Strapping on Our Armour

armourFood for thought from Andrew Parry, our Associate Minister

There are many proverbs in the Bible. One of my favourites is “Whoever is generous to the poor lends to the Lord, and he will repay him for his deed” Proverbs 19:17. What a superb reason to be a generous giver!

Some proverbs are well hidden – not all are found in the book helpfully called “Proverbs”. One of the little gems hidden deep inside the Old Testament, in a place one is unlikely to search (not quite as unlikely as the Book of Numbers, which is largely about, well, numbers) is this one:

“One who puts on his armour should not boast like one who takes it off.”            1 Kings 20:11.

It is so profound in its economical use of words and images. Surely, if you are going to boast, do it after you have returned from battle? When you take off your armour and see the dust, the dents, perhaps the gore. If ever one is to boast, it is after the deed has been accomplished. When you have something to boast about.

Why would someone boast before having proven anything? Out of swagger, bravado, fear? Perhaps all three. The closest I have come to battle was my time in the emergency services. When there was a callout to a fire or other incident, we could not be sure how big it was. And I remember me and others suddenly yawning our heads off; a way of the body releasing tension. When on the way to an emergency as a paramedic, the challenge was, if anything, more personal: would I know how to deal with whatever faced me? Would my knowledge and experience, our protocols and support, be sufficient for the task? No time to boast.

I think people boast while “strapping on armour”, because when one has put on the armour, or the uniform, or assumed the role, one appears to be the real thing. But it is when we have to do what’s required of the uniform, that the differences show. Can the soldier fight bravely; can the paramedic tend to the injured; can the parent step up to the challenge; does the Christian behave as a follower of Christ?

In all of these, there is a daily battle to be fought. We put on our armour not once, but every day. We become more and more proficient at strapping on our armour. It starts to feel more comfortable, we feel less and less like an impostor, we look back on times when our armour took a blow, there is a dent here, some rust there. But we do not stop. In daily life, in life as a Christian, we do not stop. It is part of who we are, it is part of what we do. We do not fight to become a soldier, a paramedic, a parent. We fight because we are those things. As a Christian, we do not fight to win salvation (what atrocities have been committed in pursuit of that error?) we fight because we have been granted salvation. Then (if you must) you can boast!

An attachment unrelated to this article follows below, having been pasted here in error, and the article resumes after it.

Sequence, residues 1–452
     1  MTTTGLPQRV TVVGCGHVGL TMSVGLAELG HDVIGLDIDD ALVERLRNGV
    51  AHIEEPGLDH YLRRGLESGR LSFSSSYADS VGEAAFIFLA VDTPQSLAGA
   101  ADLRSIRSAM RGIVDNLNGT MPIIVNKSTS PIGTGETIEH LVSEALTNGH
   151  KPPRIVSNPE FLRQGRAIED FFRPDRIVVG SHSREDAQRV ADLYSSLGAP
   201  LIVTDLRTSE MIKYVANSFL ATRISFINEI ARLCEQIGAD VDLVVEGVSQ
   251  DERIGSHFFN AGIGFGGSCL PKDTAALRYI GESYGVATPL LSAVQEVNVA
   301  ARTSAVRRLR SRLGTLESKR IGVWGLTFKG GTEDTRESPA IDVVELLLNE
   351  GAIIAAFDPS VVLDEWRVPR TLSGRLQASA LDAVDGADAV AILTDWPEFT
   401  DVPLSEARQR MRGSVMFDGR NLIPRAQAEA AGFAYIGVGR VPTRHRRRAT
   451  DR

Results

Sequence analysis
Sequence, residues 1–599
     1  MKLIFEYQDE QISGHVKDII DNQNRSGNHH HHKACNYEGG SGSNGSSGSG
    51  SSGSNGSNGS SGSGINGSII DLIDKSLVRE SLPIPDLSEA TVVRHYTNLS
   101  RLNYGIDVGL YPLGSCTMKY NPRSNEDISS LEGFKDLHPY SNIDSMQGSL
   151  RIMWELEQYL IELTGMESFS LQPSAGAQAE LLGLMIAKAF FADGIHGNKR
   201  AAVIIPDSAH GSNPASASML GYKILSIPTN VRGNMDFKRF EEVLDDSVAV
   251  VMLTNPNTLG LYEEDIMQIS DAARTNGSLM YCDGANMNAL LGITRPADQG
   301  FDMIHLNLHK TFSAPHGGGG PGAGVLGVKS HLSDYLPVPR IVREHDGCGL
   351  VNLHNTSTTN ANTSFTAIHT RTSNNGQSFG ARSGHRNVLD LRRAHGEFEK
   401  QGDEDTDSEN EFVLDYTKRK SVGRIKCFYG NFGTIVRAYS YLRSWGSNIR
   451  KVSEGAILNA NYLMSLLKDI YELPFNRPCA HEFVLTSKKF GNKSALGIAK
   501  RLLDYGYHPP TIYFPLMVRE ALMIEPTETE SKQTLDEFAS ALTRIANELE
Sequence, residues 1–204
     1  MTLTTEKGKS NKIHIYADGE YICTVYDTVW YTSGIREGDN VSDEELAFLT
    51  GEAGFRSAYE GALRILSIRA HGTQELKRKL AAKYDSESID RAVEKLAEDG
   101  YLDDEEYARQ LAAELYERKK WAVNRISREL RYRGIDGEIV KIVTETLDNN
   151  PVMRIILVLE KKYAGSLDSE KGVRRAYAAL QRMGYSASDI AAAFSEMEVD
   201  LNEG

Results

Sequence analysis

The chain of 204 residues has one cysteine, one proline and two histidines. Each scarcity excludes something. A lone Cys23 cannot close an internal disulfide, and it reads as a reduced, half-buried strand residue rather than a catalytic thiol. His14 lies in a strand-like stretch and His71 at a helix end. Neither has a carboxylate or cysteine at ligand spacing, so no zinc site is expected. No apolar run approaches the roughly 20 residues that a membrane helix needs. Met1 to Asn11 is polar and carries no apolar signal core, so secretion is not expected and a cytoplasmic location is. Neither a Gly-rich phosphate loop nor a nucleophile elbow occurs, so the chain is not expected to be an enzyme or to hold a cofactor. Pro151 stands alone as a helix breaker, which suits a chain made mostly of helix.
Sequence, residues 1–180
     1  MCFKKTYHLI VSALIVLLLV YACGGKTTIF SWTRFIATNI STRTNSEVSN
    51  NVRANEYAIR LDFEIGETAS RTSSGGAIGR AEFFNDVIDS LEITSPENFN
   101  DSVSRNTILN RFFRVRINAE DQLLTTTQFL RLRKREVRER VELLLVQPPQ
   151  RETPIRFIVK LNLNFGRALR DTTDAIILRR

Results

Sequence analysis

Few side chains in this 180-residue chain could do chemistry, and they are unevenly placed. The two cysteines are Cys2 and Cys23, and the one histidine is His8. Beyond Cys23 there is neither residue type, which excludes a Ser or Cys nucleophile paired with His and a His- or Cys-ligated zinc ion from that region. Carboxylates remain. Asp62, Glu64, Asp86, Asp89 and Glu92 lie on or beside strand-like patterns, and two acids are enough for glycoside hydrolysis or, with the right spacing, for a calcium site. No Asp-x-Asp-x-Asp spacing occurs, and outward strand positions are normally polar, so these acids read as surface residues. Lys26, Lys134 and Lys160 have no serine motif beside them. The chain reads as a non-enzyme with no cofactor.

Contemplative, Compassionate, Creative

Perhaps many of us come to church each week, unaware that we are part of a bigger picture? The Church of England (just in the UK) has 16,000 churches and 42 cathedrals and all of these will have some form of service each Sunday. Imagine all those people joining together in prayer towards a common goal – it’s a powerful image!

In our little corner of England, Stoke Poges Parish is part of the Deanery of Burnham and Slough, in the Buckingham Area of the Diocese of Oxford, led by Bishop Steven Croft.

Bishop Steven has written a 3-part course, Exploring the Beatitudes, a three session course for small groups across the Diocese of Oxford. He says:

‘I’m hoping churches will use this specially written resource to help them study and understand the Beatitudes. For me the Beatitudes have eight beautiful qualities, but eight is quite a lot to remember so I’ve been keen to capture what they mean in three words: contemplative, compassionate and courageous. ‘I want people to be asking what do these words teach us and tell us about Jesus, what do they tell us about being human in the 21st century and what do they tell us about what kind of Church we’re called to be.’

It sounds like a tricky job, to develop study materials, relevant to this distracted and multi-tasking age, enabling small groups of us to lead ourselves in a deeper understanding of God’s word, so it’s great to have something designed especially for this corner of the world.

As well as TJ running this course with two groups over the last few weeks (plus or minus snow days!), each of our Life Groups have decided to take up this challenge this term. That means a good proportion of our congregations will have heard and discussed the same material – what will you make of it? Do send me your comments (to as the experience unfolds and I’ll collate them for a future post.

For more opportunities to join in small group studies, look out for our Lent course, to be advertised around the churches soon.

What are the Beatitudes? You’ll know them when you hear them… the blessings listed by Jesus in the Sermon on the Mount in Matthew Chapter 5: Verses 3–11.

3 “Blessed are the poor in spirit, for theirs is the kingdom of heaven.
Blessed are those who mourn, for they will be comforted.
Blessed are the meek, for they will inherit the earth.
Blessed are those who hunger and thirst for righteousness, for they will be filled.
Blessed are the merciful, for they will be shown mercy.
Blessed are the pure in heart, for they will see God.
Blessed are the peacemakers, for they will be called children of God.
10 Blessed are those who are persecuted because of righteousness, for theirs is the kingdom of heaven.

11 Blessed are you when people insult you, persecute you and falsely say all kinds of evil against you because of me.”